When the People’s Republic of China was established in 1949, China was in a state of disarray. Decades of occupation and civil war had left the country fractured, famished, and impoverished. The new nation embarked on an ambitious effort to overhaul its economic and political systems. While its domestic agenda was the priority for the Communist Party of China, China had, of course, to develop a foreign policy, particularly to deal with the world’s capitalist countries in the midst of the Cold War.
With memories of the “century of humiliation” fresh in Chinese people’s minds, countering inroads of Western bourgeois liberalism was at the top of the international agenda during the early years of the PRC. As the Cold War evolved, however, so, too, did China’s foreign policy concerns. Following Stalin’s death, China’s leadership grew increasingly skeptical of the Soviet Union, its erstwhile “big brother” and ally, and the intentions of its new Premier, Nikita Khrushchev. The Sino-Soviet split exposed what author and scholar John W. Garver considers the real force shaping the PRC’s foreign policy: regime survival. While many political scientists have analyzed China’s approach to the split through a realist lens, focusing on national interest, Dr. Garver argues that de-Stalinization in the Soviet Union threatened the ideological foundation of the Chinese communist regime.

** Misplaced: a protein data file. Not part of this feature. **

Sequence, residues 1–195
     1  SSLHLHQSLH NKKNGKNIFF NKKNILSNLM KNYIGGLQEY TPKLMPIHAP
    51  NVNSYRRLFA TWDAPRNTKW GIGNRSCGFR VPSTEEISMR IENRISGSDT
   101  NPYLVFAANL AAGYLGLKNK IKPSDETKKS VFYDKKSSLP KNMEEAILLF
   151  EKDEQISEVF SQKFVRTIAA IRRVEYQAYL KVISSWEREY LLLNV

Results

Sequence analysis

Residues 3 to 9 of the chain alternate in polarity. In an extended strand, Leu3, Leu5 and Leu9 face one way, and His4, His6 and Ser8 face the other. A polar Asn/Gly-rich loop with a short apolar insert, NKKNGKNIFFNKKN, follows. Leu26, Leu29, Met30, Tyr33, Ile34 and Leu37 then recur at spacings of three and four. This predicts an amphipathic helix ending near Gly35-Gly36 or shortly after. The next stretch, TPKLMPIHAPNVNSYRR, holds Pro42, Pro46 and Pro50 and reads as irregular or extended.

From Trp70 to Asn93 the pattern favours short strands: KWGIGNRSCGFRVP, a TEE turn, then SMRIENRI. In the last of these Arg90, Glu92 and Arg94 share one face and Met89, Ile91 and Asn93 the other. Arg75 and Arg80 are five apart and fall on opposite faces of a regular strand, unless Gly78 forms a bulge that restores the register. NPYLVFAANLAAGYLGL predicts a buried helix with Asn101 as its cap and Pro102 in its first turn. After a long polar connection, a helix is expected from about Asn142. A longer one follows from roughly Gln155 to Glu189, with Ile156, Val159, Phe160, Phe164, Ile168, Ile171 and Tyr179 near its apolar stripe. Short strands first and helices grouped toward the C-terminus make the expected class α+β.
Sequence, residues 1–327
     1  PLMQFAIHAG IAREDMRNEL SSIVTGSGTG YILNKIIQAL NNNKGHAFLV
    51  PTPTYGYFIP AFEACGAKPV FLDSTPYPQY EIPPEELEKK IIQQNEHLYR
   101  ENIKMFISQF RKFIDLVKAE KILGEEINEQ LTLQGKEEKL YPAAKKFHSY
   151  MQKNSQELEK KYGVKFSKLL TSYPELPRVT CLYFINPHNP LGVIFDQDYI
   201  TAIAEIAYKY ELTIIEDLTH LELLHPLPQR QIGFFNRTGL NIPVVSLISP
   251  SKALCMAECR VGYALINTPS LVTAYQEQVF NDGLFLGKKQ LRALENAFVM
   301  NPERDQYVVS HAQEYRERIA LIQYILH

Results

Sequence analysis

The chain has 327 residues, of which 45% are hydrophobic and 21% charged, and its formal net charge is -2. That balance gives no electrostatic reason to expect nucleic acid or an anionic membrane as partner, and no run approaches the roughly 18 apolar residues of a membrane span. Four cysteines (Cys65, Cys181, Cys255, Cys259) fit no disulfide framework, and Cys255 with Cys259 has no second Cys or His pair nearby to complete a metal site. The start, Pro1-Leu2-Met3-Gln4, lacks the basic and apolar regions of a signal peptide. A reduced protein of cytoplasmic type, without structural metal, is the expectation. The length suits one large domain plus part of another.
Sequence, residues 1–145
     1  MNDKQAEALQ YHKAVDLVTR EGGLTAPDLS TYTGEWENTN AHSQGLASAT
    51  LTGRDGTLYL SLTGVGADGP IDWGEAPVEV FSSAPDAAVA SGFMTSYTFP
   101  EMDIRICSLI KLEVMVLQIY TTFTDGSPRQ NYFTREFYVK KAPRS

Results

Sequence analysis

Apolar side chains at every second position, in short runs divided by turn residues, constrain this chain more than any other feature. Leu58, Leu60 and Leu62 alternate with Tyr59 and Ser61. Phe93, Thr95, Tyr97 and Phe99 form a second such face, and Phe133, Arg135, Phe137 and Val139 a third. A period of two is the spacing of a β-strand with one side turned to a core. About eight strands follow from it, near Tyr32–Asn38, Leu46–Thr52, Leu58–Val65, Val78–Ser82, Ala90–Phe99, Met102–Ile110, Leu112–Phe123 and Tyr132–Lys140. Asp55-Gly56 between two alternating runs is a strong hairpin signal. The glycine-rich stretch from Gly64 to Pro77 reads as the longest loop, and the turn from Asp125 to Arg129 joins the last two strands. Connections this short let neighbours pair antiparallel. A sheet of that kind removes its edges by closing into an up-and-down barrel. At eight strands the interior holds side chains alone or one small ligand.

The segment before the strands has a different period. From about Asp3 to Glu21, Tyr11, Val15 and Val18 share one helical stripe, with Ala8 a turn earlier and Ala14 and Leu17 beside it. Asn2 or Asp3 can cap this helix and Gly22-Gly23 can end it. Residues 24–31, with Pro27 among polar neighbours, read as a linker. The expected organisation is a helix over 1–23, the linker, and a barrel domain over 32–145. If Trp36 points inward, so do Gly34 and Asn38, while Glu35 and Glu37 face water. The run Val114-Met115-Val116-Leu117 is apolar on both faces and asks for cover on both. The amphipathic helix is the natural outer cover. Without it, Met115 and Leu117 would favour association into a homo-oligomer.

A leading scholar of Chinese foreign policy, John Garver has written an authoritative study of the PRC’s foreign relations in China’s Quest: History of the Foreign Relations of the People’s Republic of China. He argues that domestic politics and regime survival have consistently served as the drivers of China’s foreign policy. Dr. Garver navigated this dynamic history, and analyzed China’s current foreign policy initiatives, with the National Committee on April 14, 2016 in New York City.
John W. Garver is emeritus professor of political science in the Sam Nunn School of International Affairs at the Georgia Institute of Technology. He served for many years on the editorial boards of China Quarterly, the Journal of Contemporary China, Issues and Studies, and Asian Security. His research focuses primarily on China’s foreign relations, a topic on which he has published eleven books and over a hundred journal articles and book chapters. He has concentrated on China and the Middle East, China and India, and China and Taiwan, among other parts of the world.
His books include: China and Iran: Ancient Partners in a Post-Imperial World (2006); The Protracted Contest: China-Indian Rivalry in the Twentieth Century (2001); Face Off: China, the United States, and Taiwan’s Democratization (1997); The Sino-American Alliance: Nationalist China and US Cold War Strategy in Asia (1997), The Foreign Relations of the People’s Republic of China (1993), and China’s Decision for Rapprochement with the United States (1982).
Dr. Garver received his doctorate in political science from the University of Colorado, and bachelor’s degrees in political science and psychology from Oklahoma State University. He is a member of the National Committee on U.S.-China Relations.